2. From Vienna to Paris.
The Liszt family left Vienna on 20 September 1823. En route to Paris, Adam wrote a letter of appreciation to Czerny (dated 2 November) which summed up everything he felt about the great pedagogue: ‘Together with my wife and child I kiss your hands with utmost gratitude for this good work which you have lavished on our boy. Never will you be able to escape our heartfelt thanks’. Adam plotted the journey through Munich, Augsburg, Strasbourg and Stuttgart in order to draw a comparison with the young Mozart who had made a similar tour with his father 60 years earlier. After much acclaim and many gifts along the way, Liszt and his parents arrived in Paris in December 1823. In those days the stagecoach terminated at rue du Mail, near the Erard piano factory. The Liszts and the Erards formed a lifelong friendship and the venerable head of the firm, Sébastien Erard, presented Liszt with a magnificent grand piano of seven octaves, containing his newly invented ‘repetition action’. This device allowed extremely rapid note reiteration and turned the piano into an instrument of virtuosity, with new possibilities that Liszt was among the first to explore.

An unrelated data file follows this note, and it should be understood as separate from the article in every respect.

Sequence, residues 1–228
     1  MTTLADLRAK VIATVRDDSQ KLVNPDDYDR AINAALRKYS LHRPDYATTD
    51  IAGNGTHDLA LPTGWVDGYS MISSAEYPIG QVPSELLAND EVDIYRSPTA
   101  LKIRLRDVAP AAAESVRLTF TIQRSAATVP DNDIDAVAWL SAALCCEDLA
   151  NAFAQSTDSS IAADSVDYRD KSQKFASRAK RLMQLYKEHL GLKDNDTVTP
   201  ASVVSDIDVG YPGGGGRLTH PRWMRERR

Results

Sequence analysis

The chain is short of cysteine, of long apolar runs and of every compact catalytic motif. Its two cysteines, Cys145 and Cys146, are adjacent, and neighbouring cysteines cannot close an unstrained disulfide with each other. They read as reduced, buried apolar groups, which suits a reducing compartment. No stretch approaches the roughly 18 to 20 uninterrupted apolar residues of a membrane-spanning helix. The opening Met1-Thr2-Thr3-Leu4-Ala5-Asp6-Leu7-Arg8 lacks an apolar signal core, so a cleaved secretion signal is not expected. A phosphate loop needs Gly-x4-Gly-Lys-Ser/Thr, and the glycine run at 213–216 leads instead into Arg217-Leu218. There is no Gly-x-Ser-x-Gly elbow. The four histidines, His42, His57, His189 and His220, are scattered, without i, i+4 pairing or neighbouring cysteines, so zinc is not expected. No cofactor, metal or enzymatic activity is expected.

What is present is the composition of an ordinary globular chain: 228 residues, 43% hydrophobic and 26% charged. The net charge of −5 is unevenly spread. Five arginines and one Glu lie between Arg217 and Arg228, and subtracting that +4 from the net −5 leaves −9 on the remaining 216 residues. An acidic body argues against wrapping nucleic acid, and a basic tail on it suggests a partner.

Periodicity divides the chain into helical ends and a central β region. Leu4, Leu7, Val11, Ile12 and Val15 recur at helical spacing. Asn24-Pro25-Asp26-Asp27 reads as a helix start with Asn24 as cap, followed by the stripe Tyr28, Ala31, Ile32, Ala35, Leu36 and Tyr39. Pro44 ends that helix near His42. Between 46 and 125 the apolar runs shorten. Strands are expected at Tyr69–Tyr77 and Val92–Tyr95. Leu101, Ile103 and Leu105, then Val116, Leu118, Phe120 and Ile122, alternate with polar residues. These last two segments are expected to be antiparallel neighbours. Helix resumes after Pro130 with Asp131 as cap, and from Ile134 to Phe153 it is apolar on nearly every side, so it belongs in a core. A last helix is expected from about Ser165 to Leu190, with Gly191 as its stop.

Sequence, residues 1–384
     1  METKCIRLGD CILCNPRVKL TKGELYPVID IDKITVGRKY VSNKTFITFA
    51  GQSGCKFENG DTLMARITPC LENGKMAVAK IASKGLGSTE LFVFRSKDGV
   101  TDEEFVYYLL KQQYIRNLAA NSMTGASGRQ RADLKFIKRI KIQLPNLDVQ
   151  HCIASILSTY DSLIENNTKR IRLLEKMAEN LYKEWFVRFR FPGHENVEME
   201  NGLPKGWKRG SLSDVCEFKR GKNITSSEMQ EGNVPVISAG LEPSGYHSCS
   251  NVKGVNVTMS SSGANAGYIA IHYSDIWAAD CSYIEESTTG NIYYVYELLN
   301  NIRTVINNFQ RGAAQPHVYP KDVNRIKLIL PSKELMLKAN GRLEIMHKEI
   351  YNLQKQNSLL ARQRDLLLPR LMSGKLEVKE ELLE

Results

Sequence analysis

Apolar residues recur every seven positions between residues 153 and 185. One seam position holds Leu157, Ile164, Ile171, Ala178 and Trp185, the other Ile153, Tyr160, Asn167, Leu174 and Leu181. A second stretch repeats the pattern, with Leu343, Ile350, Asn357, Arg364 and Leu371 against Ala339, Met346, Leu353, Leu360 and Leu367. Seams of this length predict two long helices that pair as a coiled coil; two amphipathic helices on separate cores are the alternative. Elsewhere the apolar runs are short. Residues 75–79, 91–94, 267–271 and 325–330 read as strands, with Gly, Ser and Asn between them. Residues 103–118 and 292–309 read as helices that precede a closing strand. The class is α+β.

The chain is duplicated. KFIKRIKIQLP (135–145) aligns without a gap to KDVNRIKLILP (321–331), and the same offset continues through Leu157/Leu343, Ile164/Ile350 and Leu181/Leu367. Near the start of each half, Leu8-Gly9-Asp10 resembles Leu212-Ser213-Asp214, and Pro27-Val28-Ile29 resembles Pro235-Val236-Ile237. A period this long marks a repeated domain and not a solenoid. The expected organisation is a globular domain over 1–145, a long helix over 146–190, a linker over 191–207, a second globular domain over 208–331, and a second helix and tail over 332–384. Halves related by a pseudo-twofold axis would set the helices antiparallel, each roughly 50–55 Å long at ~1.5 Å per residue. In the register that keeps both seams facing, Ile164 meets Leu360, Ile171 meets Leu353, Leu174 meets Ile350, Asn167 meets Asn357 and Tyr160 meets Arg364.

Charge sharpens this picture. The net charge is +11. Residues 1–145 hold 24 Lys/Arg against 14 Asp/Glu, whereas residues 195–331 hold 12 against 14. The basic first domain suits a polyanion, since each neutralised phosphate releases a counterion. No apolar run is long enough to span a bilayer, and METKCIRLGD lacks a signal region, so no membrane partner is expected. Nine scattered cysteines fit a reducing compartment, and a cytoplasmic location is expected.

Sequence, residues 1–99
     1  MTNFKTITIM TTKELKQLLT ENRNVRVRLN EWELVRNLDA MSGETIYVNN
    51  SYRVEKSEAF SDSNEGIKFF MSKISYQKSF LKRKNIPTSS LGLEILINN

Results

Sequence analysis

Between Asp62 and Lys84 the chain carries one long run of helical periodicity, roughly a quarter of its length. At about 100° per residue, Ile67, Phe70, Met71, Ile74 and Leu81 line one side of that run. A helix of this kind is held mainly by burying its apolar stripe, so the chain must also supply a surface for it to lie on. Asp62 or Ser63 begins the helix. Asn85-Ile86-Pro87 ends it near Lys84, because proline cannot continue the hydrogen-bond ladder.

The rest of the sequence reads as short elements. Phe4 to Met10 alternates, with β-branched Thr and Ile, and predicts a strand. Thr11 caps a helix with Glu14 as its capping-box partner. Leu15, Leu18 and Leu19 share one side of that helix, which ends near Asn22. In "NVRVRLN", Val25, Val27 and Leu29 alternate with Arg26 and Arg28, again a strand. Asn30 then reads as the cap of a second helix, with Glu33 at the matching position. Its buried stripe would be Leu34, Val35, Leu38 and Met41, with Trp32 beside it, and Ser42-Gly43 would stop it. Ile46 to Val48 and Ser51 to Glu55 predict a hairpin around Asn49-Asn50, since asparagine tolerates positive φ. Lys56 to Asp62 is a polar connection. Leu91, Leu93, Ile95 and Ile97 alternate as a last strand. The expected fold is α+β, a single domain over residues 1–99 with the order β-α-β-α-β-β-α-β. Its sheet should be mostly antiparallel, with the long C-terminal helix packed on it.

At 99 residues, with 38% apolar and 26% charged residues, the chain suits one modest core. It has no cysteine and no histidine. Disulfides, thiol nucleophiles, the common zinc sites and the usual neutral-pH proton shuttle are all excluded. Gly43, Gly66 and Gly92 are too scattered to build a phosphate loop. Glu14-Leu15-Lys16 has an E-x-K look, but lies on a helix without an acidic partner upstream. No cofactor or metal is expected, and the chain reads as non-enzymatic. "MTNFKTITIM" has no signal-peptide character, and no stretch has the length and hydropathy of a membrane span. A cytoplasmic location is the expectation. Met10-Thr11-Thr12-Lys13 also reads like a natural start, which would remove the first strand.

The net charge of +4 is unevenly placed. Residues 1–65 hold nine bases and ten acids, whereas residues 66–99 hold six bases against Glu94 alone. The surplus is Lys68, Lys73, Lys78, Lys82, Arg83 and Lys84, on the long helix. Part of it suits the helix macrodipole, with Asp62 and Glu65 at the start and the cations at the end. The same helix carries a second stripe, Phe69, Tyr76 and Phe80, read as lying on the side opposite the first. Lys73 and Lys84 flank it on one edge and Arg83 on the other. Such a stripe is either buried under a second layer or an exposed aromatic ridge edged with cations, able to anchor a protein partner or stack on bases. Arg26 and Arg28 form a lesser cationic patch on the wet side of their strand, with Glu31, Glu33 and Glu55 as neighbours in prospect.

Liszt applied for admission to the Paris Conservatoire but was refused. Accompanied by his father and Erard, he attended an interview with the director, Luigi Cherubini. The discussion was stiff and formal, the result disappointing: the rules would not permit Cherubini to admit foreigners, even one so famous as Liszt. Since Cherubini himself was a foreigner and there were foreign students already enrolled, Liszt’s vivid explanation (‘Zur Stellung des Künstlers’, 1835) has always seemed incomplete and casts Cherubini in a poor light. In fact the regulation against foreigners was designed to protect the piano department, which had recently been overwhelmed with applicants. It stemmed from a new government decree, sought and approved a few weeks earlier by the piano faculty itself. French citizenship was seen as the key to the problem of maintaining a proper balance across the student body. The setback ultimately worked to Liszt’s advantage. Adam engaged two private teachers for his son, Antoine Reicha for theory and Ferdinando Paer for composition, both of them based in Paris. Under their guidance his natural talent was allowed to develop unfettered. At the Conservatoire it might have been restricted and could have led to the same sort of clash with authority that was shortly to befall Berlioz and, later, Debussy and Ravel. Meanwhile, the boy was free to continue his tours and build a career in his own way.